- champ at the bit,
- champagne socialist,
Origin of champagne
Examples from the Web for champagne
His keepers fed the beast copious amounts of port, Champagne, and whiskey to pacify the persnickety pachyderm.Zebra Finches, Dolphins, Elephants, and More Animals Under the Influence|Bill Schulz|December 31, 2014|DAILY BEAST
Take one part Kim Kardashian, perhaps our most polarizing superstar, and add oil and champagne.
Champagne, which is also acidic, offers a nice complement to anything from tuna tartare to beef bourguignon.
Champagne should be fun and you should savor every moment of it.
That means that Champagne is fermented a second time in the bottle when sealed closed, which naturally produces the bubbles.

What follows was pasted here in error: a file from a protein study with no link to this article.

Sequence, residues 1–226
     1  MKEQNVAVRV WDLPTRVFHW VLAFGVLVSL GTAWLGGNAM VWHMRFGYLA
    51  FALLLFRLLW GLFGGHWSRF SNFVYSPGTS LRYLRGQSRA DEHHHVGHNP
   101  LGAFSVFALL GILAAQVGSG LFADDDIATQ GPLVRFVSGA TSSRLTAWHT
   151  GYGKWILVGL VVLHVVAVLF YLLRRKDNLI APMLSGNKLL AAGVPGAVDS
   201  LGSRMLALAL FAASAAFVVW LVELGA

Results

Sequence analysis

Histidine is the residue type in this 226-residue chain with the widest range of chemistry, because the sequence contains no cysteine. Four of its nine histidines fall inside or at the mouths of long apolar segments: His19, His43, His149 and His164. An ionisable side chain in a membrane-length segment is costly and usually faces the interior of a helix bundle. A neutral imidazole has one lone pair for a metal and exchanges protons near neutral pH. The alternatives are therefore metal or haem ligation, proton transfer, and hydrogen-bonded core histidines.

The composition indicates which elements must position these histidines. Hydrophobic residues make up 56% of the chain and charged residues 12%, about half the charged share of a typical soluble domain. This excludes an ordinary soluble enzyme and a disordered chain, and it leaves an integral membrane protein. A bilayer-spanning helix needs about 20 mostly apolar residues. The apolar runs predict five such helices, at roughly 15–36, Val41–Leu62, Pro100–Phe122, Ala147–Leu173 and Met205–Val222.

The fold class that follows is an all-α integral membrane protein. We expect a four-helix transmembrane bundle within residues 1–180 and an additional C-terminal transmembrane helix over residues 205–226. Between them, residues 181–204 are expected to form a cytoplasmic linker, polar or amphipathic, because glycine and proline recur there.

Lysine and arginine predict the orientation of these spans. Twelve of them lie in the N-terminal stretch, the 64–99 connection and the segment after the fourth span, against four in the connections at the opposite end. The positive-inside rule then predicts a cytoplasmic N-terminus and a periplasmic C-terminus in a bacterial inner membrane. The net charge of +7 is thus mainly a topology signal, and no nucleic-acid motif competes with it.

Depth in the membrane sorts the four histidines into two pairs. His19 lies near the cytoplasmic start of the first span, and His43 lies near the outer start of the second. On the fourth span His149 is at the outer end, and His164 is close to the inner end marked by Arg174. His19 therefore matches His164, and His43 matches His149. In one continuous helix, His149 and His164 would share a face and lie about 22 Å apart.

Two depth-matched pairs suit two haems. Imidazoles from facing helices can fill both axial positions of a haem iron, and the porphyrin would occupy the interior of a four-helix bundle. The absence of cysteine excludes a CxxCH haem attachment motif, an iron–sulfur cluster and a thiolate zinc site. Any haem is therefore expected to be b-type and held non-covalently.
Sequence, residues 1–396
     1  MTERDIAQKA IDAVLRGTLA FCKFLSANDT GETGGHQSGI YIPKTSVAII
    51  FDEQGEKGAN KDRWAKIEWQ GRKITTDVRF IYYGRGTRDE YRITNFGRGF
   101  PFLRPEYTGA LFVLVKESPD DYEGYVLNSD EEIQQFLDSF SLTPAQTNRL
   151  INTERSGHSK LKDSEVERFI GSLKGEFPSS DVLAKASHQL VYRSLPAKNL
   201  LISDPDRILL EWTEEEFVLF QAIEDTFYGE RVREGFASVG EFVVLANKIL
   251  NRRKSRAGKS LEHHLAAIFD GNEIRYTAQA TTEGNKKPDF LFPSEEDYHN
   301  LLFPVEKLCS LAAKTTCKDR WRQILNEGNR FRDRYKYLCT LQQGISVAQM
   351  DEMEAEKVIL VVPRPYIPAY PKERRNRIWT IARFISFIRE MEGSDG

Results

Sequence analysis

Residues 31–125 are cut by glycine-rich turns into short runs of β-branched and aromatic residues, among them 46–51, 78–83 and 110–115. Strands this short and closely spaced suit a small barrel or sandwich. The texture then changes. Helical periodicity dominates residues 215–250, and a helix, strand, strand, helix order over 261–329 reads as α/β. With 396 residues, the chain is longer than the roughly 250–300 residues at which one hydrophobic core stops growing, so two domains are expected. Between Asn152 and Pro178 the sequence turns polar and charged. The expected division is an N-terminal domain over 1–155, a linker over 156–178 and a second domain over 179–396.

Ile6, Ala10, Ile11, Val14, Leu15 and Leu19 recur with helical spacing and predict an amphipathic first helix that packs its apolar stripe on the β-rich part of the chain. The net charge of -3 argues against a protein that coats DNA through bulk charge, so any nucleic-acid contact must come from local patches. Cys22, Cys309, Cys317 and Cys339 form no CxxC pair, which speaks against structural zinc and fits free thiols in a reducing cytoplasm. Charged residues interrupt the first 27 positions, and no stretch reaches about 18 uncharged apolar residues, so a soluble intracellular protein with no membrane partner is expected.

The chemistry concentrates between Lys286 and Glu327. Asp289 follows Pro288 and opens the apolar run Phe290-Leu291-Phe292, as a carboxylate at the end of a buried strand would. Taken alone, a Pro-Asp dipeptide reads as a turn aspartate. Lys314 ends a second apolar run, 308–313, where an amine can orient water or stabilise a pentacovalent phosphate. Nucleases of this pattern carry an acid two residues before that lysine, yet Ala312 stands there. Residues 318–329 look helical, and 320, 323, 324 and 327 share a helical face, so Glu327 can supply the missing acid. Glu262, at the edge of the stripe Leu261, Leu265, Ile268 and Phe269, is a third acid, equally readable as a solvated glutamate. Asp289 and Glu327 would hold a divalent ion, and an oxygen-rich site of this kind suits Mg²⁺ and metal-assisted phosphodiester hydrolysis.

Oh, my dear, he's asked me to champagne and lobster at your house—his house!
I have utterly left off my champagne, and, I think, with good results.The Letters of Charles Dickens|Charles Dickens
As for me, I would not change the bleakest of them for the province of Champagne.Doom Castle|Neil Munro
When dessert was on the table and port took the place of champagne he lapsed into a philosophic mood.The Island Mystery|George A. Birmingham
I know I shall break down and have a woodcock and some champagne.Ayala's Angel|Anthony Trollope
- a colour varying from a pale orange-yellow to a greyish-yellow
- (as adjective)a champagne carpet
Word Origin for champagne
1660s, from French, short for vin de Champagne "wine made in Champagne," former province in northwest France, literally "open country" (see campaign (n.)). Originally any wine from this region, focused to the modern meaning late 18c.